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Value Guru and the Mystery Cheeses

By Susannah Simone, March 4, 2009  |  Meet the Blogger  |  More Posts by Susannah Simone
cheese I don't know about you, but it is a rare moment that I can sample cheese in the store without buying some. Fortunately, they'll cut a piece any size you want so I can get the satisfaction of taking that little gem home without buying more than my budget can handle. My practicality seems to stall at home, though, when I end up with a half dozen morsels of different cheeses going hard or unintentionally blue in the "cheese barn" as I call it. First, however, I'm not ashamed to admit that I make a meal of cheese about once a week. I call it smorgasbord to create some excitement around the fact that it's also a good opportunity to clean out the fridge of this and that. On the other hand, this can be quite a healthy meal. cheese The cheeses take center stage, but day-old steamed vegetables, single romaine spears, carrot and celery sticks become appealing when arranged on a nice plate with a little cup of dressing for dipping. A few pickles and olives come out of hiding, sometimes chopped in with leftover meat or chicken and a spoonful of mayonnaise for a poor-man's pâté. Heels of whole-grain bread get cut into quarters and toasted, as do any withering whole wheat pitas or tortillas. Sometimes I brush them first with olive oil or melted ghee. cheeseBack to the mystery cheese morsels... I never throw them out. No matter how small, they're like magic flavorizers! If it's super hard, I grate it on the grater's tiny shredder holes. If it's getting mold, I cut that bit off (and regrettably throw it away). If it's smelly, all the more flavorful! Then what? There are many wonderful options. One is macaroni and cheese, using whatever combination of cheeses you have. If none of those cheese bits is sharp or blue, add a dash of Worcestershire for a little more flavor. Fondue is another catchall for mystery cheeses and you wouldn't believe how simple it is. Use this basic recipe as your starting point, knowing you can use any white wine or pale beer and all your cheese bits or shreds. And, remember, you don't have to dip bread cubes. Try raw or steamed vegetables, even rolled leaves of chard or kale. I also use leftover cheese in spinach dip, which fits right in to smorgasbord night! In fact, I always have a bag of organic chopped spinach in the freezer just for this purpose. Thaw spinach in the microwave or in warm water. Squeeze all the moisture out and add sautéed onion and garlic. Stir in your grated or crumbled cheese bits and mayo and/or yogurt and/or sour cream, but not too much if you want to keep it healthy! A teaspoonful of sesame tahini is nice sometimes, and a dash of Tabasco or some horseradish. Add chopped roasted peppers or artichoke hearts, if you have them. Spread into a pie plate. If you have grated parmesan, give it a sprinkle, then microwave or bake until warm. And then, for those always seeking an authentic European everyday experience, there's the incredibly addictive fromage fort (strong cheese). Basically, you throw into the food processor your leftover cheese bits-the more varieties the better-with a good number of fresh garlic cloves, a splash of dry white wine and dash of black pepper and process the heck out of it-about 30 seconds. I like it a little chunky and chewy glopped on a cracker or piece of matzoh. Others prefer it melted over a bagel or toast. Either way, if you cover it tightly, it will extend the life of all those precious pieces of mystery cheese another few weeks in the refrigerator. I know I'm not the only one who falls for more cheese than I can realistically manage. What do you do with your mystery cheese?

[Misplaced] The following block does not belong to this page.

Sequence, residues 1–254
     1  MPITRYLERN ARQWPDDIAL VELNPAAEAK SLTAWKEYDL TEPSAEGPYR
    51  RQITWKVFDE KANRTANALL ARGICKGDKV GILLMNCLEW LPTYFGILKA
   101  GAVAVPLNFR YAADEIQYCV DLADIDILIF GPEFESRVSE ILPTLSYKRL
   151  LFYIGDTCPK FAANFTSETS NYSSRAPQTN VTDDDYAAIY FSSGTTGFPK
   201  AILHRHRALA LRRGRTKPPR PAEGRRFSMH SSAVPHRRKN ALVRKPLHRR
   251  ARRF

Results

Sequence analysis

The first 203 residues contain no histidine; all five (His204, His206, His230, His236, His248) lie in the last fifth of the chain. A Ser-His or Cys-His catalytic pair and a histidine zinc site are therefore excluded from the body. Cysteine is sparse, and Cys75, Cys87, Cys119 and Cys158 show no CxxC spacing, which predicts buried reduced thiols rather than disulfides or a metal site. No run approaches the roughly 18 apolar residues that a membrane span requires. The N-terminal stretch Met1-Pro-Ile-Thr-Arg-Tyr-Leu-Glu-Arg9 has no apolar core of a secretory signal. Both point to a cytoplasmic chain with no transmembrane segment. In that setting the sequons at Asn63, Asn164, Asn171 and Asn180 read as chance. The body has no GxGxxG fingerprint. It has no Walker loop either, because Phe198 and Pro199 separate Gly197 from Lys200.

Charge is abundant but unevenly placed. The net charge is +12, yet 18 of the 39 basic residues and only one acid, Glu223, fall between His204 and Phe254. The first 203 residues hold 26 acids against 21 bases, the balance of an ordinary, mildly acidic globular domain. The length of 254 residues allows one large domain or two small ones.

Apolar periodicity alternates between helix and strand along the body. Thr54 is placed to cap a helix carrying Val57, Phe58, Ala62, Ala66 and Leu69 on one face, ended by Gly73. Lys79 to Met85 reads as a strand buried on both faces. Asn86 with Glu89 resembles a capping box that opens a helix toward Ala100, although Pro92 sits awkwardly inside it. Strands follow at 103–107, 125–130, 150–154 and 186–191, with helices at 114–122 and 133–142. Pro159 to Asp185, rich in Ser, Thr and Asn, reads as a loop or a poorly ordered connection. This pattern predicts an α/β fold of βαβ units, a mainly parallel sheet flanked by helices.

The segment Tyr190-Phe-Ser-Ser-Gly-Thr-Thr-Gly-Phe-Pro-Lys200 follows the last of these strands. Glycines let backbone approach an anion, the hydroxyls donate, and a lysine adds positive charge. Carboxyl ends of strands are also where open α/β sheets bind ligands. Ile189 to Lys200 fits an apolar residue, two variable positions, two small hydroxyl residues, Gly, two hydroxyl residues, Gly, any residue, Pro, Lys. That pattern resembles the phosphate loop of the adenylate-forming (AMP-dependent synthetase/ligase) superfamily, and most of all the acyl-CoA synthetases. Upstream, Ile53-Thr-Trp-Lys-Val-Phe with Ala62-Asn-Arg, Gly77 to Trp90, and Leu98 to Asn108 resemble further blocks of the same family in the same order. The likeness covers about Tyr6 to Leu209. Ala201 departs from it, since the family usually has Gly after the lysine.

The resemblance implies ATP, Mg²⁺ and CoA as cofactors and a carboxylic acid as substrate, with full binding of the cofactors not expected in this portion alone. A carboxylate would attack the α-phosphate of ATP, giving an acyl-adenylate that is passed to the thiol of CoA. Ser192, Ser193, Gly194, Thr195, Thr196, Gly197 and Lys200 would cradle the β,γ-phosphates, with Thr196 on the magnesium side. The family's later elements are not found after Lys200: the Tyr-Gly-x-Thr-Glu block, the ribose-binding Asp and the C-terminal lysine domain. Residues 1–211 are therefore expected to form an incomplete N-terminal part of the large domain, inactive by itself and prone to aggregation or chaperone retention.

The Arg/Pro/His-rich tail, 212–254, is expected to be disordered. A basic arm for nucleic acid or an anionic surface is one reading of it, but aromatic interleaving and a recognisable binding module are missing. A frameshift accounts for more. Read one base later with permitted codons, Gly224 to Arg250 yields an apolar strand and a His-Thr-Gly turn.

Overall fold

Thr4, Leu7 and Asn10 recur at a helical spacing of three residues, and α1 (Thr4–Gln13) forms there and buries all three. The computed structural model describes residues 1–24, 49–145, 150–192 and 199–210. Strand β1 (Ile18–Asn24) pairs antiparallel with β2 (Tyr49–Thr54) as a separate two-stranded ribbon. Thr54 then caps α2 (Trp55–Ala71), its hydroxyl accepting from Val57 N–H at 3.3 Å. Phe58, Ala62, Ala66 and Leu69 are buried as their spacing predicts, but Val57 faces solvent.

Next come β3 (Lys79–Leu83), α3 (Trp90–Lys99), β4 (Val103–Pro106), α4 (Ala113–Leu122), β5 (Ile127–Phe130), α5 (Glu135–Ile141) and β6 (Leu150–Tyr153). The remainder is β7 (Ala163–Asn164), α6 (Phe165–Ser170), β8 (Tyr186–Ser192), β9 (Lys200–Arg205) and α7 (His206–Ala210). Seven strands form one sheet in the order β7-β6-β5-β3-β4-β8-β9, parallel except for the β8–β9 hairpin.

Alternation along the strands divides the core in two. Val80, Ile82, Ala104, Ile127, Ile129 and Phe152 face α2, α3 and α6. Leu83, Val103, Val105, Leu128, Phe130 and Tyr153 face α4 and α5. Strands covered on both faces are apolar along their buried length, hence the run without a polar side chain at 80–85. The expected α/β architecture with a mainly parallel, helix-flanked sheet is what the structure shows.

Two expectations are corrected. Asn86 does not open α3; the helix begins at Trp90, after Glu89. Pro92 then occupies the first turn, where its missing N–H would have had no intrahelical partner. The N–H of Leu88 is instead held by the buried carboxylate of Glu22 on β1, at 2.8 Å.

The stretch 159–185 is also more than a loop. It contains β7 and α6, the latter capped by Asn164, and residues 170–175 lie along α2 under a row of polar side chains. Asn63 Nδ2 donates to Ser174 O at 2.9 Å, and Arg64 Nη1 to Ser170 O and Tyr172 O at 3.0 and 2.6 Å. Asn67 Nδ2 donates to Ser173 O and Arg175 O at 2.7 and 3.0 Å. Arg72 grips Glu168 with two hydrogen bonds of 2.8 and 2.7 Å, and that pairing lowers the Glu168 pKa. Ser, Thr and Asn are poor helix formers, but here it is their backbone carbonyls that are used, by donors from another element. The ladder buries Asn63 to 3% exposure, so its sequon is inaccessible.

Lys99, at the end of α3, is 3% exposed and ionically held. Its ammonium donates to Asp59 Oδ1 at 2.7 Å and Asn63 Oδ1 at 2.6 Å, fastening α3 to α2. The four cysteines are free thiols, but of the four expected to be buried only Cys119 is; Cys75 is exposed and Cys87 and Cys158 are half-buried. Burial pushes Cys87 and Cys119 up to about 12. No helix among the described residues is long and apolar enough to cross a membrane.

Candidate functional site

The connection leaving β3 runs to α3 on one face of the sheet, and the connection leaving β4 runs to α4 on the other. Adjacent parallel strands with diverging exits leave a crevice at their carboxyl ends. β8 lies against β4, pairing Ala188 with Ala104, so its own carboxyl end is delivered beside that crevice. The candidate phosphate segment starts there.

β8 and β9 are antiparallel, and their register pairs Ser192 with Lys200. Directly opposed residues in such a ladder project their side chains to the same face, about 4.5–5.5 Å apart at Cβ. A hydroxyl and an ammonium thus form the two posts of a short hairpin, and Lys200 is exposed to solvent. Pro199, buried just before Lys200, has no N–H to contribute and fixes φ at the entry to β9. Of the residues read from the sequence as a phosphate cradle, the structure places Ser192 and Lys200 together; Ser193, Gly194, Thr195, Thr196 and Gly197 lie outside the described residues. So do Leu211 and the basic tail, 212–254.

Category: Value - Whole Deal

 

15 Comments

Comments

Super Healthy Kids says ...
I will stir any kind of cheese over some whole wheat pasta. Add a little slightly cooked broccoli and my whole family will eat the entire pot!
03/04/2009 8:11:17 AM CST
Amy says ...
Wow, great ideas!
03/04/2009 9:51:58 AM CST
Alfy says ...
hmm sounds like you live in my house lol
03/04/2009 11:45:49 AM CST
Louise Ross says ...
I trim old cheese of moldy bits then toss it into vegetarian or bean/pulse casseroles, stews, soups, boiled rice etc., anything hot really, because then the cheese melts and acts as a thickening agent while also adding flavor and a rich, creamy texture!
03/04/2009 11:57:14 AM CST
caroline says ...